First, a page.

Australia has officially taken the crown of the world’s largest exporter of liquefied natural gas on an annualized basis, according to report by the energy consultancy EnergyQuest.
In sending overseas an estimated record 77.514 million tonnes (Mt) of locally produced LNG in calendar 2019, Australia edged out Qatar, expected to produce 75 Mt in 2019.
The 2019 Australian LNG exports were more than twice those of the United States, the world’s other fast-growing LNG producer.
The US Energy Information Administration expects the US to have exported 34.3 Mt in 2019, EnergyQuest noted in its report.
The Australian contribution came from across all three now fully established LNG hubs at Karratha in Western Australia, Gladstone in central Queensland and Darwin in the Northern Territory, home of both the Ichthys and Darwin LNG projects.
The total Australian 2019 LNG shipments were up by 11.4 percent on 2018, primarily due to the growth in production from the Ichthys project, operated by Japan’s INPEX.
Western Australian production was steady on 2018 and Queensland production was up by 8.2 percent to 22.4 Mt, with both APLNG and QCLNG operating at close to full capacity, EnergyQuest said.
The figures and new world crown are confirmed in an analysis of ship-tracking data by EnergyQuest.
The consultancy’s chief executive, Graeme Bethune, said that while Qatar’s final production figures for 2019 were yet to be produced, the Australian operational capacity of 88 Mt now substantially exceeds the 77 Mt of its Middle Eastern rival.
“The record Australian performance for last year is 2.5 Mt above the forecast of Qatar 2019 production of 75 Mt, contained in the December 2019 Australian Government Resources and Energy Quarterly,” Bethune said.
He added that Australia had previously achieved the global title in some individual months but 2019 is the first time Australia has topped global LNG export performance on a sustained annual basis.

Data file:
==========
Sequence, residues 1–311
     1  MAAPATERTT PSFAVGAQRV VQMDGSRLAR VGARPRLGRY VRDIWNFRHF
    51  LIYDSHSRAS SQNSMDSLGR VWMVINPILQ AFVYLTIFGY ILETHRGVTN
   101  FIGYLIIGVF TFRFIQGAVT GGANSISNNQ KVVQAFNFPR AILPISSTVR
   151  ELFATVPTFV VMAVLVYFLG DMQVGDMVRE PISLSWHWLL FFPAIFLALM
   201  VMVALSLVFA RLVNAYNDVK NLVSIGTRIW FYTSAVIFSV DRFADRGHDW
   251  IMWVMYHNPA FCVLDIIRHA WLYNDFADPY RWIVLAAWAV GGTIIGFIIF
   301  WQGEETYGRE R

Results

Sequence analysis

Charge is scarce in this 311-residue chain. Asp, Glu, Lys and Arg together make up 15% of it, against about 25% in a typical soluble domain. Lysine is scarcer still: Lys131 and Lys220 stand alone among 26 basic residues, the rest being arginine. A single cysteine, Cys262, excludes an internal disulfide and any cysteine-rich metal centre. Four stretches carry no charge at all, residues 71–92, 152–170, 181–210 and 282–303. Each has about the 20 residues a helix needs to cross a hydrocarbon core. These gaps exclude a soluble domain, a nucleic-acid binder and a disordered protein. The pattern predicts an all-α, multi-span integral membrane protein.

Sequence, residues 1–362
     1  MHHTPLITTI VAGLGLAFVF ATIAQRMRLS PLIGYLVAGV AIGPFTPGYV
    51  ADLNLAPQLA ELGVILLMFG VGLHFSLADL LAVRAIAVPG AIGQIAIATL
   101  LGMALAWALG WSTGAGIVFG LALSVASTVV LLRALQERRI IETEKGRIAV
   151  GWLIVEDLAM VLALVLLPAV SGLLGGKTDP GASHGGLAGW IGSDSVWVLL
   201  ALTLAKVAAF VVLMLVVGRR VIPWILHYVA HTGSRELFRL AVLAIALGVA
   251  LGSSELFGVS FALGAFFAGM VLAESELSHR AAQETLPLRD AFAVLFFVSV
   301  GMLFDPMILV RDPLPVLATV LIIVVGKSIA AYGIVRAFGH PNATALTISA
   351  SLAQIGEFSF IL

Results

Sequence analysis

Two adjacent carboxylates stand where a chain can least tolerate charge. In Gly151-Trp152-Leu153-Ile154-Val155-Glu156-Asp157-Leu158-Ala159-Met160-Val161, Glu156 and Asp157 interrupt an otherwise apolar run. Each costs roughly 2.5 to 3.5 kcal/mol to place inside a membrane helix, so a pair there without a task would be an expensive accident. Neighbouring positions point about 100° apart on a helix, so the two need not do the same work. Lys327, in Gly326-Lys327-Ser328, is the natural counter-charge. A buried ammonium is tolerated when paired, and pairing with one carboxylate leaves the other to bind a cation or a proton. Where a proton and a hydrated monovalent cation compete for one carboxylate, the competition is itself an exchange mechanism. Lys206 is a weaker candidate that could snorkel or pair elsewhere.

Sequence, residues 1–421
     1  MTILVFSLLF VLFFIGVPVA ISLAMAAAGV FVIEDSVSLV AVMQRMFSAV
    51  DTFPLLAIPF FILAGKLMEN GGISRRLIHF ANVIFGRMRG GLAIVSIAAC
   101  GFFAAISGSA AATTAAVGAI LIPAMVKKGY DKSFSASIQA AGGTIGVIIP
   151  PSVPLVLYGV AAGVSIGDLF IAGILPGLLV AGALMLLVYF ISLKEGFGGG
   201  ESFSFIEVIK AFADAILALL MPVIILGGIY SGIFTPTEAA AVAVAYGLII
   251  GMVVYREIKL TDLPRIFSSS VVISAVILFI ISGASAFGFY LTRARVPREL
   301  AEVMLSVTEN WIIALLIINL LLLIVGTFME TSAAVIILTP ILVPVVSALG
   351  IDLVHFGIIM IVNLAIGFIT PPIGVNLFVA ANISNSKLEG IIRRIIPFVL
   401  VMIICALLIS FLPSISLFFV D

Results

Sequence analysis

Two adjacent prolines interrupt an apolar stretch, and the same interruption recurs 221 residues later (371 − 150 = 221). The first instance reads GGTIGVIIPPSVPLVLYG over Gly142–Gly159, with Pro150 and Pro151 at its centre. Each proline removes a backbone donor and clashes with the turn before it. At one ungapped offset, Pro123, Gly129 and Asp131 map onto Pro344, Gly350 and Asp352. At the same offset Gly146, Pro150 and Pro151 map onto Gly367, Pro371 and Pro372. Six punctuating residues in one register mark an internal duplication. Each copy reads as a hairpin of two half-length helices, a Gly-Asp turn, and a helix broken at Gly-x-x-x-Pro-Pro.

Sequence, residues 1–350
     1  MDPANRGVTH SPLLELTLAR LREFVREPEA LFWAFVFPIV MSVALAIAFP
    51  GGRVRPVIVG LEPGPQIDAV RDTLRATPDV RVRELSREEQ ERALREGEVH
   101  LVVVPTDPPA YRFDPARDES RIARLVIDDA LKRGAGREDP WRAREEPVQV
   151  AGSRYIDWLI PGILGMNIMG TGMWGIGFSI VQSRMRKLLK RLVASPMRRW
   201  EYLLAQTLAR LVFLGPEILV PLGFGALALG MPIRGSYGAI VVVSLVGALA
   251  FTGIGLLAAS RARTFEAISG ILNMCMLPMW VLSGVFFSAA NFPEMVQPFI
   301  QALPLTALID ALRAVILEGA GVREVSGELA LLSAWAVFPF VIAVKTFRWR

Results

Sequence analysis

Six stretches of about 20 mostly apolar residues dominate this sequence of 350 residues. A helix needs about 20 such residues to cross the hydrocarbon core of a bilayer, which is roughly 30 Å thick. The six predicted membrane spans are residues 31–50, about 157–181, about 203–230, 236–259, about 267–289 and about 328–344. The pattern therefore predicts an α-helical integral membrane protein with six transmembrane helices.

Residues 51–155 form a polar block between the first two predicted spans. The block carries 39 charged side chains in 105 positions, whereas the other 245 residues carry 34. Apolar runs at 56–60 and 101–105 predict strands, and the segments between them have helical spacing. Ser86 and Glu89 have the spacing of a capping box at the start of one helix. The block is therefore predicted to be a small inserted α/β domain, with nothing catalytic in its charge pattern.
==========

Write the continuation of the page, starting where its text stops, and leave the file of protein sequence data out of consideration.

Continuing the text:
“Australia’s 10 LNG projects have a combined capacity of 87.8Mt. However, with only 88 percent of total nameplate capacity used over 2019, there remains an opportunity going forward to lift the current production milestone even higher,” Bethune said.
He stressed that the Shell-operated Prelude floating LNG project offshore WA is only expected to reach full capacity in 2020.
On a percentage basis, the Northern Territory was the top performer for 2019, lifting sold output 153 percent to more than 10.5 Mt from 4.15 Mt the previous year.
Western Australia continued to dominate the country’s LNG output at 57 percent of the national total, with Queensland garnering 29 percent of those exports.
The largest contributing project to Australian LNG exports was the Woodside-operated North West Shelf project in WA, followed by the two Chevron-operated WA projects, Gorgon and Wheatstone.
The largest percentage growth was the Northern Territory’s Ichthys LNG project, producing 7.529 Mt in calendar 2019 – up 900 percent in a year from its commissioning volumes in 2018.
Western Australia alone is now the world’s second-largest LNG producer with Queensland ranking a significant sixth.
The new data underpins the emergence of the Northern Territory as now the third force in Australian LNG, producing 14 percent of Australia’s 2019 LNG exports.
EnergyQuest estimates that the average 2019 LNG export price was A$11.41 per gigajoule (GJ), well above WA domestic gas prices of below A$4.00/GJ.
On the east coast, the Wallumbilla average gas price fell from A$8.95/GJ in 2018 to A$8.15/GJ in 2019 and as of January 1, 2020, has eased even further to A$5.00/GJ.
Bethune said EnergyQuest analysts estimated total 2019 LNG export revenue was A$49.0 billion, up from $43.3 billion in 2018 and A$9.4 billion a decade ago in 2010 at the start of the Australian LNG development boom.
“To put the A$49 billion of LNG export revenue in context, the total value of exports of both goods and services from Victoria was estimated by Global Victoria to be A$57.7 billion in 2018-19,” Bethune said.